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They Know Me Not

Part 70 of the Tao Teh King for Awakening

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My teachings are very easy to understand and very easy to practice, but no one can understand them and no one can practice them.

In my words there is a principle.

In the affairs of men there is a system.

Because they know not these, they also know me not.

Since there are few that know me, therefore I am distinguished.

Therefore the Sage wears a coarse cloth on top and carries jade within his bosom.

(Tao Teh King 70)

My teachings are very easy to understand and very easy to practice, but no one can understand them and no one can practice them. Wu: “My words are very easy to understand, and very easy to practice: But the world cannot understand them, nor practice them.”

Why is this? Because minds warped and ravaged by the world and its currents are neither able to understand the truths of the Tao nor able to practice them. First there must be a complete overhauling and renewal of the consciousness. And how will that be done? Only by yoga practice. Until a person is a yogi, all he can hope for are momentary flashes of understanding and inspiration. But for realization of the Tao, not just knowledge about It, steadiness of mind and will are necessary, and these can only be gained through yoga.

In my words there is a principle. Wu: “My words have an Ancestor.” Legge: “There is an originating and all-comprehending (principle) in my words.” Chan: “My doctrines have a source (Nature).” Jesus said: “The words that I speak unto you, they are spirit, and they are life” (John 6:63). Lao Tzu tells us that his very words both come from and embody the Tao. Knowing the Tao himself, the words of Lao Tzu had the power to impart consciousness itself and comprehension of the Tao. The words of a sage can enlighten the disciple that is purified and prepared. This was seen again and again in the daily life of Swami Sivananda.

In the affairs of men there is a system. Wu: “My deeds have a Lord.” Mabry: “My deeds are but service.” Legge: “And an authoritative law for the things (which I enforce).” Chan: “My deeds have a master (Tao).” Everything goes according to cosmic law (ritam). Those who contravene that law court chaos and disaster. Those who conform to that law attain order and success. So the first step in practical spiritual life is to learn the fundamental and unchangeable laws of physical, mental and spiritual life. Where are they to be found? The Bhagavad Gita is the most perfect exposition of the Science of Life. The eleven major Upanishads of which the Gita is a practical digest, are also a source of the laws of spirit-consciousness. The laws of interior life and conscious evolution are found in the Yoga Sutras of Patanjali.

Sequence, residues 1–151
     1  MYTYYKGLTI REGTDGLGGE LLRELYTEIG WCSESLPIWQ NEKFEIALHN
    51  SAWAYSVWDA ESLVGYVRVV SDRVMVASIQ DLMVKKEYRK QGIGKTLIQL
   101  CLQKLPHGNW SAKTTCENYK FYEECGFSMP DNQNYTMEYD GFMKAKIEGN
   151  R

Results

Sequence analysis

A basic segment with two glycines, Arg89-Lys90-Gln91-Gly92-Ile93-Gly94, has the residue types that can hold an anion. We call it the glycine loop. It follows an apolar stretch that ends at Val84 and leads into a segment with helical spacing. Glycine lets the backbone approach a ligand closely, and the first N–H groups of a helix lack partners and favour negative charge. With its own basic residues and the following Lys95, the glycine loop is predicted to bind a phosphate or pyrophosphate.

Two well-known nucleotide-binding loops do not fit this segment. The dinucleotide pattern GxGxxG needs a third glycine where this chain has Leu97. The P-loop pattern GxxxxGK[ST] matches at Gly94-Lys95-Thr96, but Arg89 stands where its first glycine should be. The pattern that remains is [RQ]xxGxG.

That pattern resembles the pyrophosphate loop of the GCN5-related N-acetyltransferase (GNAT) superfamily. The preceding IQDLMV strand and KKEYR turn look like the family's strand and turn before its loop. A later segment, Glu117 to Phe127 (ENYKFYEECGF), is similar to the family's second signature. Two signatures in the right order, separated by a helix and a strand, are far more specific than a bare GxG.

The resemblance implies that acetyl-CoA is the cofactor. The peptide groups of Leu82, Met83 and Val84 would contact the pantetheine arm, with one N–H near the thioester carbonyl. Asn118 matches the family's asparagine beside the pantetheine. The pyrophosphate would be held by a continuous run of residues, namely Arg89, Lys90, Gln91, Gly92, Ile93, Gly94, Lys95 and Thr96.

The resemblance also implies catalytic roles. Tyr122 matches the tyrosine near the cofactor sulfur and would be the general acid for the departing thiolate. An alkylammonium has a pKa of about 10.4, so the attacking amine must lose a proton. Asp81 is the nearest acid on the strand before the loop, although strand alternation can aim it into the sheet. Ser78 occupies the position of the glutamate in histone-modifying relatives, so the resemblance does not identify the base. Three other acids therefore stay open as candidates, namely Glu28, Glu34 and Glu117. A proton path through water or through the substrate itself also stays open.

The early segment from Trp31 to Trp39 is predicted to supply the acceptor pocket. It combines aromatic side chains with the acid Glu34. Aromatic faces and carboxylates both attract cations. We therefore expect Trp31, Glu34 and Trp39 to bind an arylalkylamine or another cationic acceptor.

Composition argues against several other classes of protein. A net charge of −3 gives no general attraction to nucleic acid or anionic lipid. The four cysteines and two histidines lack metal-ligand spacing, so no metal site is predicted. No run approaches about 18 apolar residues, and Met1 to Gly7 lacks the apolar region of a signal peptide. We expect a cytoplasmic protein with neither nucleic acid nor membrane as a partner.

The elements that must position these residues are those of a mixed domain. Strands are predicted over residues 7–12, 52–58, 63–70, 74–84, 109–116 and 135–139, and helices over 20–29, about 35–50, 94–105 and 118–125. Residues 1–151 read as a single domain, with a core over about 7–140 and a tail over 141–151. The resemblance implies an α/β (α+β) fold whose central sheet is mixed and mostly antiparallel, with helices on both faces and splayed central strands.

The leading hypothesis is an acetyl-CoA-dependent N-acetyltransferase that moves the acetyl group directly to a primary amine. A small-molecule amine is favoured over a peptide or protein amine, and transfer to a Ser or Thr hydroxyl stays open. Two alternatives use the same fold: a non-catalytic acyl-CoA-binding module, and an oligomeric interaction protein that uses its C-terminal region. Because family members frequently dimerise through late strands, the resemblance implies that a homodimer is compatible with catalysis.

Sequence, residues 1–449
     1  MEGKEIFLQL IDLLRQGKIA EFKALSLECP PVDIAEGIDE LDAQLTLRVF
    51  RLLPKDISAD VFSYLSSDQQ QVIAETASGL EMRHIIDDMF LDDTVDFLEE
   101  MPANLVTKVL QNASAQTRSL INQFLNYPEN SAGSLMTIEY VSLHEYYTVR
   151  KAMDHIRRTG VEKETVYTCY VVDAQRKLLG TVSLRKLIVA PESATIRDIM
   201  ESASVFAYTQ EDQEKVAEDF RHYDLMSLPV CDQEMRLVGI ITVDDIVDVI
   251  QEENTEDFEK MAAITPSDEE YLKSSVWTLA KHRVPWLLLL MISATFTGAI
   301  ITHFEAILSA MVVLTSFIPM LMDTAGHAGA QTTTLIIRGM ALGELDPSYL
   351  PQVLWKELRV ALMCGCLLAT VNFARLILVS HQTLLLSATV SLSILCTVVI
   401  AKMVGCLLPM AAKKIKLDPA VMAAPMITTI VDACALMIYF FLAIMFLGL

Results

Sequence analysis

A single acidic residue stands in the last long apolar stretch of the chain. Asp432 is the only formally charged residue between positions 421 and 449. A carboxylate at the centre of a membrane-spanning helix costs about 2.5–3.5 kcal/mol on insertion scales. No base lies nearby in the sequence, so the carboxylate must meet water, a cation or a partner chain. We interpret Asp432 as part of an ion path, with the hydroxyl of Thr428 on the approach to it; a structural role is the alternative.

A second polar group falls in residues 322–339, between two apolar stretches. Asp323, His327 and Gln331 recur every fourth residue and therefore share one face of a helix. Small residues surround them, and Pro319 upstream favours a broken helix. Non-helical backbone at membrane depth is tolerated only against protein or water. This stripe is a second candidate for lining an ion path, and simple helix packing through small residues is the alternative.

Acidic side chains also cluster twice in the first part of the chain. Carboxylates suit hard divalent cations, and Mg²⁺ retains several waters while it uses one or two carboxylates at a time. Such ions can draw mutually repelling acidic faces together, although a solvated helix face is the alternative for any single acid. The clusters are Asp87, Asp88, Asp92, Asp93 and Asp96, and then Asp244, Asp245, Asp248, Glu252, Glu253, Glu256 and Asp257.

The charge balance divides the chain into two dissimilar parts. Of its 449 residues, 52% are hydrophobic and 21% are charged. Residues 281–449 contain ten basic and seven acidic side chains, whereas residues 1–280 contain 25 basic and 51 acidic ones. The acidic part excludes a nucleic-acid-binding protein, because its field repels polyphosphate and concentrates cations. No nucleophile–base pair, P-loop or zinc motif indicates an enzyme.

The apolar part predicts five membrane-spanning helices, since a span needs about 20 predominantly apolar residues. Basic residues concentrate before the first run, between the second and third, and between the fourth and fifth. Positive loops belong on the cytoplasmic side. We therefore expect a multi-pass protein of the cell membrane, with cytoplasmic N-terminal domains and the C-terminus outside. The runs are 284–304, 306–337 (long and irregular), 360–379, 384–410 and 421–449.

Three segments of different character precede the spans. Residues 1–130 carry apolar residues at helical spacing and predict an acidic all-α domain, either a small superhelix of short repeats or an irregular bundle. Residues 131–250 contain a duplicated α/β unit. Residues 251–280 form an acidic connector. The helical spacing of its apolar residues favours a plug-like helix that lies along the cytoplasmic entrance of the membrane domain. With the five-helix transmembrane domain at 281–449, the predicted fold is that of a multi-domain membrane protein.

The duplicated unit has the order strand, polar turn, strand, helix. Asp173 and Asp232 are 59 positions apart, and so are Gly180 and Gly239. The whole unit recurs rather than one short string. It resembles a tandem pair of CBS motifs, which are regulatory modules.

Because they know not these, they also know me not. Wu: “The people have no knowledge of this. Therefore, they have no knowledge of me.” It is impossible to know the Infinite without knowing our way through the labyrinth of the finite. There is no hope of knowing the Tao if we do not know the way things work in the outer and inner worlds. Aspiration means nothing if there is no knowledge of how to realize it.

Since there are few that know me, therefore I am distinguished. Wu: “The fewer persons know me, the nobler are they that follow me.” Mabry: “And since so few understand me, then such understanding is rare and valuable indeed.” “Then said one unto him, Lord, are there few that be saved? And he said unto them, Strive to enter in at the strait gate: for many, I say unto you, will seek to enter in, and shall not be able” (Luke 13:23-24). “Enter ye in at the strait gate: for wide is the gate, and broad is the way, that leadeth to destruction, and many there be which go in thereat: because strait is the gate, and narrow is the way, which leadeth unto life, and few there be that find it” (Matthew 7:13-14).

Large numbers are to be found outside true knowledge, few only are those who are true knowers (gnostics). Those who look for a large group to join will find many, but none of them will find the truth. Those who are willing to be only one of a few or even to be totally alone in their seeking have a chance at seeking and finding.